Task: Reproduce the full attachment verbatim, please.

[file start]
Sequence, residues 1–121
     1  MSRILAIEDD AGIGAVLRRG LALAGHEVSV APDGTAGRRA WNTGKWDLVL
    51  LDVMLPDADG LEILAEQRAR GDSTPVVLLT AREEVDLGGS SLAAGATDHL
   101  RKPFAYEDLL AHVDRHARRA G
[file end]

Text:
Sequence, residues 1–121
     1  MSRILAIEDD AGIGAVLRRG LALAGHEVSV APDGTAGRRA WNTGKWDLVL
    51  LDVMLPDADG LEILAEQRAR GDSTPVVLLT AREEVDLGGS SLAAGATDHL
   101  RKPFAYEDLL AHVDRHARRA G